The results will speak to the continued strength being seen in this asset class, which is more important than ever given the volatility we continue to see in traditional asset classes and the broader investment environment which grows more challenging by the day.
Evidence of this challenge is not hard to find, with the latest inflation data in Australia showing prices were rising at almost 7.5% per annum in the year to the end of September, with the number expected to climb further as Christmas approaches.
The Reserve Bank of Australia has responded to the continued inflation challenge with a 0.25% rate hike (bringing the cash rate to 2.85%) at their meeting held yesterday, on Melbourne Cup day, with markets expecting another 1% of interest rate hikes in the year ahead.
In the United States, we saw markets stage a bounce last week, despite heavy losses that were seen in former share market darlings of the technology space, which we discuss below.
How long the broader bounce lasts also remains uncertain, given that we’re also likely to see another large interest rate hike by the US Federal Reserve later this week, with markets expecting them to increase rates by 0.75% to 4%.
Nasty result for tech investors!
While it’s been a horrible year for equity market investors, last week was something of a reprieve for stocks as a whole, with the S&P 500 up by almost 4%.
The Australian stock market also rose, up by nearly 2%, giving investors some hope that maybe the worst of this year’s market correction is behind us.
As we’ve discussed at length previously, we aren’t so sure that’s the case, with the disastrous performance of Amazon and Facebook (or Meta as it’s now formally known as) over the past week a warning sign of how sensitive the market remains.
For those that missed the news, the share prices of Amazon and Meta fell by 14% and 22% respectively last week.
Amazon has now fallen by 39% across 2022 as a whole, while Meta has fallen by a staggering 71% over the past year, as the chart below shows.
That’s worse than Bitcoin, with the decision to rebrand from Facebook to Meta (which took place in October last year), almost perfectly coinciding with the peak in the market.
Up until one year ago, companies like Facebook/Meta, Amazon, and the like were the leaders of the pack, strongly outperforming the broader stock market.
Indeed, these market darlings and three others became so popular that the acronym FAANG was developed, which was short-hand for five of the most popular technology companies in the United States – Facebook (as it was known before it rebranded), Amazon, Apple, Netflix and Google (now known as Alphabet).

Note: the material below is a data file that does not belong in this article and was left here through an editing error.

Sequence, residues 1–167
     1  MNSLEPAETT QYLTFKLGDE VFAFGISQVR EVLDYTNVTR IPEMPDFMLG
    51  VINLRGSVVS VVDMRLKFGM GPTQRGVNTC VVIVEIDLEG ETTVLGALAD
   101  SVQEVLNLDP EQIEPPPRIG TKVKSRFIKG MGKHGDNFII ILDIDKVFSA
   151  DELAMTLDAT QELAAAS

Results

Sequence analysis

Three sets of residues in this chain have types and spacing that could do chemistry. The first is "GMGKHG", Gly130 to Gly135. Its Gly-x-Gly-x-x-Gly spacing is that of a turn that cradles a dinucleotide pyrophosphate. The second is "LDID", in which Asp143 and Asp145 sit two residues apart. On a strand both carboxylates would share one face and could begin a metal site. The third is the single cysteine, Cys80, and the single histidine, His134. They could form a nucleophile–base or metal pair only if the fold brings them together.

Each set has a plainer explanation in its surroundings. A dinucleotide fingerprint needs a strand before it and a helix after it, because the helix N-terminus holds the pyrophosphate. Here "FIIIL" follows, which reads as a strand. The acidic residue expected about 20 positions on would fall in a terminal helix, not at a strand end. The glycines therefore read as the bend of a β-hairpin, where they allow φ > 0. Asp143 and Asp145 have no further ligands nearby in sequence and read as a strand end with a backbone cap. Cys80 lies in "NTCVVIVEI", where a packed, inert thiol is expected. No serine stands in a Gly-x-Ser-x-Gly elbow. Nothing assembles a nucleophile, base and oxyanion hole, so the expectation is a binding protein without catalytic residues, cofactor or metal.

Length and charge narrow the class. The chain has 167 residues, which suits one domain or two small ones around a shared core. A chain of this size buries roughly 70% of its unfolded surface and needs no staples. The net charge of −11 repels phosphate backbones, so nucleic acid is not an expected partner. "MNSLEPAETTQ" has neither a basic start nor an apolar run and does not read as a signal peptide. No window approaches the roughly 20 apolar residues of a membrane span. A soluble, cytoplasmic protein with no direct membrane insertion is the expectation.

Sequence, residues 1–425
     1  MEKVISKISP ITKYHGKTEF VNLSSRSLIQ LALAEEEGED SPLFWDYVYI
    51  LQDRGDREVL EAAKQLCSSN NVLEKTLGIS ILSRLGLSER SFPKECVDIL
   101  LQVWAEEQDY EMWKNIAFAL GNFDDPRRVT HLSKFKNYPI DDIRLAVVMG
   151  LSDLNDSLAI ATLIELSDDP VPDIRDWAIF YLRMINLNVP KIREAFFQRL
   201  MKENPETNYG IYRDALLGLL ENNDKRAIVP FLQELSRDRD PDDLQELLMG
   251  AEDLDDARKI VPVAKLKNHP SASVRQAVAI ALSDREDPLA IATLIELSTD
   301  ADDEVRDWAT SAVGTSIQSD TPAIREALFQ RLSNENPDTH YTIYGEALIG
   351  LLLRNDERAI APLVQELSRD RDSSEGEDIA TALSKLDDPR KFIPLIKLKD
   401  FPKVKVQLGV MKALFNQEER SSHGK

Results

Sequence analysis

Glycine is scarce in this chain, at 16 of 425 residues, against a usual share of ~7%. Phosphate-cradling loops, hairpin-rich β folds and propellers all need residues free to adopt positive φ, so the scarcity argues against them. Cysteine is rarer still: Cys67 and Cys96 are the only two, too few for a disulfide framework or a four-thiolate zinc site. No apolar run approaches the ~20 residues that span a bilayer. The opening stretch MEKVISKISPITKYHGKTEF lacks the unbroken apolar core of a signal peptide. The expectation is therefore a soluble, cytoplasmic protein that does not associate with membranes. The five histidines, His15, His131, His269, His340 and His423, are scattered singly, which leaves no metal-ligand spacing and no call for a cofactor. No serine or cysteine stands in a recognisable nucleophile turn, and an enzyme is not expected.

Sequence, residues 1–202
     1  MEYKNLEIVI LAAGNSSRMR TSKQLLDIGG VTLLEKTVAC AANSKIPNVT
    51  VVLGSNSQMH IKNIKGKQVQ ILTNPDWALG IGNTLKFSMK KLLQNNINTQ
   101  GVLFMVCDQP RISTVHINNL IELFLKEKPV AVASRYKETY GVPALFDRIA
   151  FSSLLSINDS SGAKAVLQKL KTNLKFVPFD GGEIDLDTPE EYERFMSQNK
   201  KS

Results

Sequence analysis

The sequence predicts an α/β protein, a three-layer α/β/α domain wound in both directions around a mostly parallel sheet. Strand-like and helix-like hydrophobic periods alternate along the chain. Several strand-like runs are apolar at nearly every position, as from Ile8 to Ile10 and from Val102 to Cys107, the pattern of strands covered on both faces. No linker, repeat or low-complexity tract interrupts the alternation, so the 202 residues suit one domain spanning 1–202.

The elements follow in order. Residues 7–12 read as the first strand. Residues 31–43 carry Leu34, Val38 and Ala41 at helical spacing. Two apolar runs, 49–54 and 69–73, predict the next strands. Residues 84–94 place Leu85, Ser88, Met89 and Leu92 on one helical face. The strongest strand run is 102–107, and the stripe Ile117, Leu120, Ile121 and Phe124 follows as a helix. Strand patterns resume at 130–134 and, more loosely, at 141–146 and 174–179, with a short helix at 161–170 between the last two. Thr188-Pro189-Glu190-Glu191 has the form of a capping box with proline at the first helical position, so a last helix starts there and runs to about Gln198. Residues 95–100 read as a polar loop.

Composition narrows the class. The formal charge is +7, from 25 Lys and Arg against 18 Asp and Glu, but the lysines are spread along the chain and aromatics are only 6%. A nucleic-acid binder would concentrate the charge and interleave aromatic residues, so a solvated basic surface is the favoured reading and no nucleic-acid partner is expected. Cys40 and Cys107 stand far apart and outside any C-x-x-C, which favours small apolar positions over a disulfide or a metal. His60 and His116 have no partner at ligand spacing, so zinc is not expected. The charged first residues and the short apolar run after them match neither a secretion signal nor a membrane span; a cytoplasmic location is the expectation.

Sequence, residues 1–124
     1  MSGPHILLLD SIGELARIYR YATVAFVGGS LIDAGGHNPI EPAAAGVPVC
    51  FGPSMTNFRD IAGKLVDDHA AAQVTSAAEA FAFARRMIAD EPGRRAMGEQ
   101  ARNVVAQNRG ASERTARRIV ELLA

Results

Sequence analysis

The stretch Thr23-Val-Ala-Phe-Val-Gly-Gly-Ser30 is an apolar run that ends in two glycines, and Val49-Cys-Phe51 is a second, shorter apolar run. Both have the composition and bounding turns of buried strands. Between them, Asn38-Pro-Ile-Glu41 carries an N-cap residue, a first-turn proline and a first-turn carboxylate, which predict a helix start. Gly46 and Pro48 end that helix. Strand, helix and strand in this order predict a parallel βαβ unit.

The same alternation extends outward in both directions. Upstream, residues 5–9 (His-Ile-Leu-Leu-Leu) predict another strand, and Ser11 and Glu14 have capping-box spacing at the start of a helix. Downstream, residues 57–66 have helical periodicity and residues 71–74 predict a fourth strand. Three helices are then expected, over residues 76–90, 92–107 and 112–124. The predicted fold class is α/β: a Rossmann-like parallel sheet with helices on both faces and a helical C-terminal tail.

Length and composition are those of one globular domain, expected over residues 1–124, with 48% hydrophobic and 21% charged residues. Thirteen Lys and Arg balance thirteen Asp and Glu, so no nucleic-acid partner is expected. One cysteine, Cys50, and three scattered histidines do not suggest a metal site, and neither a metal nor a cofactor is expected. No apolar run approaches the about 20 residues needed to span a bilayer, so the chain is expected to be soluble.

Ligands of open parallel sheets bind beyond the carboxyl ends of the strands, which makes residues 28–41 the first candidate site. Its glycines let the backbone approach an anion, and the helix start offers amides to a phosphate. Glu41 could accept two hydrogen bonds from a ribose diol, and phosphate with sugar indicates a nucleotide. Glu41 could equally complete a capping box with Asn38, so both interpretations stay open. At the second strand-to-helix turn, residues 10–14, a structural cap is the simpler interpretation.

The huge rally in these companies led investors to allocate large portions of their portfolios to these stocks. Now that most have crashed as hard as they have, many of the investors in these stocks will now be sitting on large losses or have given up a big portion of their prior unrealised gains, especially with inflation soaring the way that it has in 2022.
The sell-off in these stocks also speaks to the underlying fragility that remains in the share market today, and why investors are likely best served looking to diversify some of their portfolios away from the stock market, and into assets that can have a history of prospering during a period of heightened volatility, rising inflation, and continued economic uncertainty.
Pink diamond resilience continue
Over the last month, there have been multiple news stories that attest to the strength of the pink diamond market.
These include news of records set at a Sotheby’s Hong Kong auction for the Williamson Pink Star Diamond), the first significant pink diamond product released by Argyle mine operator Rio Tinto since the mine’s closure, a hand-crafted ring that could be worth as much as $6 million dollars.
There is no doubt that demand for pink diamonds is as strong as ever, as high inflation, and volatile financial markets are driving investors toward scarce, stable assets that deliver over the long term. We have seen pink diamonds as a beneficiary of this trend due to their extreme scarcity, and beauty.
At Australian Diamond Portfolio, we can attest to the strong demand, and the key factors driving it, with record numbers of new clients wanting to access this market for the first time, while there is also significant demand from buyers who first bought pink diamonds years ago, and are looking to add to their holdings.
Within the next fortnight, we will be able to provide more clarity (pun intended) on the latest performance results across the pink diamond sector, as myself and the team is currently putting the finishing touches on the Australian Diamond Portfolio Pink Diamond Index (ADPPDI) update for the third quarter of 2022.
And while we don’t want to ruin the surprise, suffice it to say that the index, which has shown growth of over 50% for the primary categories of pink diamonds over the last two financial years, is showing continued stability, further evidence of the resilience that this asset class is offering buyers.
As always, we hope you’ve enjoyed this week’s edition of “In the Loupe” and we look forward to any questions or comments you may have.